Flood level record of 1821 SMASHED as Sandy touches down
Hurricane Sandy began breaking up as it hit the New Jersey shore Monday evening on what’s expected to be a destructive path across the Northeast, killing two people, plunging more than 3 million into darkness and crippling transportation across a huge swath of the Eastern U.S.
Wiped out: The surge from New York’s East River has flooded East 20th Street, turning the road into a river
Sandy made landfall at Atlantic City, N.J., about 6:45 p.m. ET, throwing off sustained winds of 90 mph, NBC New York reported. By 8 p.m., its center was about 5 miles southwest of Atlantic City and about 40 miles northeast of Cape May, N.J. Maximum sustained winds had fallen to 80 mph.
The National Hurricane Center re-designated Sandy as a “post-tropical cyclone,” saying it was rapidly losing its tropical characteristics as it merged into an enormous nor’easter. While it was still packing hurricane-force winds, the worst appeared to be over, said Bill Karins, a meteorologist with The Weather Channel.
At least two people were killed Monday:
- A 30-year-old man was found dead in Flushing in the New York borough of Queens, apparently after having been trapped beneath a tree that crashed into his home about 7 p.m. ET, police told NBC News.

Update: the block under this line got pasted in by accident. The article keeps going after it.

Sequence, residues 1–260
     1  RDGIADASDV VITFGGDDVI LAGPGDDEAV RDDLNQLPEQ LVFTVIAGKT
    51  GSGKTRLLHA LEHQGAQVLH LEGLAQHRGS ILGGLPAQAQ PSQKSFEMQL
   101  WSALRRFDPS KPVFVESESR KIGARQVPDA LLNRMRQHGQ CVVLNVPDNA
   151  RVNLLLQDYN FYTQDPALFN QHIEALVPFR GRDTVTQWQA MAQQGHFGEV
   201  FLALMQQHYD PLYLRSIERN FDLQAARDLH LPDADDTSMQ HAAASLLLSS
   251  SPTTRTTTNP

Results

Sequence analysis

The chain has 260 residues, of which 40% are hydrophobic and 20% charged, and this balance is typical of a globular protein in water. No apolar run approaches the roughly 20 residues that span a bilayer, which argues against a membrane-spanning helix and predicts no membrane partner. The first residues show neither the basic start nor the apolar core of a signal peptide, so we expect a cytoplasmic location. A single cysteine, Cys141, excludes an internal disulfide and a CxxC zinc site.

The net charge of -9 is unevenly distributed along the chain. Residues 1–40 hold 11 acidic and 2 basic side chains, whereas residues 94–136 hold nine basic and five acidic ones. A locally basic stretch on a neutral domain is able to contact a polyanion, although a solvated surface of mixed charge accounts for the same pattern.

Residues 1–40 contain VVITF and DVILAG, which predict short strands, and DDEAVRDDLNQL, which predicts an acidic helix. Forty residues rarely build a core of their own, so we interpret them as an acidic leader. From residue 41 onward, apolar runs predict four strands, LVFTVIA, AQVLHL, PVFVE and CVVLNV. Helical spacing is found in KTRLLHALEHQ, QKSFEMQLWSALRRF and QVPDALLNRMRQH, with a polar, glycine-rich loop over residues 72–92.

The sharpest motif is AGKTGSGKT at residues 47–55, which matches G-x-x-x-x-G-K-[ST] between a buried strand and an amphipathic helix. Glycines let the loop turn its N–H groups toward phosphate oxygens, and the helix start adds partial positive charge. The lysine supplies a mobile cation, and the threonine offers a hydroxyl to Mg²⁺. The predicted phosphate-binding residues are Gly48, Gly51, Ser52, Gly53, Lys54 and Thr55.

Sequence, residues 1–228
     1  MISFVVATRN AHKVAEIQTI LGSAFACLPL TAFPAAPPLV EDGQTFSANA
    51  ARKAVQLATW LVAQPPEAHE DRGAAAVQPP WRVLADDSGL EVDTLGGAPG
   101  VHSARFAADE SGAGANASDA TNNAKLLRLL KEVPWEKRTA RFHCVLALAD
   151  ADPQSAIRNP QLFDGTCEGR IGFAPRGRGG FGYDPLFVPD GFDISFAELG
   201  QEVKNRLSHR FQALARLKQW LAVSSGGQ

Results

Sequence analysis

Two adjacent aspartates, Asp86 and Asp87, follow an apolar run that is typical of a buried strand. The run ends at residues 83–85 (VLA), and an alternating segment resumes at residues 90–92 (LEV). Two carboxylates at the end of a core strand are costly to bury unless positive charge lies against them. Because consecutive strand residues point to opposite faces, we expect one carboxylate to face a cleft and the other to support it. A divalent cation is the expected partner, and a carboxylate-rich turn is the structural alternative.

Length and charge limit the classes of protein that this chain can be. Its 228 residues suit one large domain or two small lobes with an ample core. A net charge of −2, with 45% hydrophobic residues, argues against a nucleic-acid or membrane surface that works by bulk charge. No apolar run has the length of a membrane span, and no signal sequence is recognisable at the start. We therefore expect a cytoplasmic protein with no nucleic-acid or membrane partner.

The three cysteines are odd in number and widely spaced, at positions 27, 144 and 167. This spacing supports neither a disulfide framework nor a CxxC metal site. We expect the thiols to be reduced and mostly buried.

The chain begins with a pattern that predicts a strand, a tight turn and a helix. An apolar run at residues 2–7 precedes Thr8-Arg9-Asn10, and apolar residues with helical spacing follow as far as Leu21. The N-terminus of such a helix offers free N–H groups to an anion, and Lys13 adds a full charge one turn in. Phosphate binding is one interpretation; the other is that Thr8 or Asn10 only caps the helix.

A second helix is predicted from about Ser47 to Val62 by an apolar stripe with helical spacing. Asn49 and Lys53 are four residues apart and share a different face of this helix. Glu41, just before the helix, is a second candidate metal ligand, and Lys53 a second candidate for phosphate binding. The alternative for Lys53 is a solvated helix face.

- A second person was killed when a car hydroplaned over high water in Montgomery County, Md., in the suburbs of Washington, Maryland Gov. Martin O’Malley told MSNBC TV.
- A third person died after a tree fell in Mansfield, Conn., NBC Connecticut reported.
With strong winds extending 175 miles from its center, Sandy is as broad as any hurricane to ever hit the U.S., sucked in by the lowest central pressure ever recorded for landfall of a major storm in the continental U.S., said Bryan Norcross, a meteorologist with The Weather Channel.
The National Weather Service predicted “historic and life-threatening coastal flooding” through Tuesday morning, with the greatest danger coming at high tide. That was coming as early as 8:53 p.m. ET at the southern tip of Manhattan, which is known as the Battery, to as late as midnight ET in Stamford, Conn.
At 7:30 p.m. ET, the water level at Battery Park had reached 11.87 feet, surpassing the previous record of 11.2 feet in 1821.
About 3.1 million customers — about half of them in New York and New Jersey — had already lost power. New York’s electric utility, Con Ed, preemptively began shutting off power to part of Lower Manhattan to protect its equipment and to allow for faster restoration after the storm has passed.source – MSNBC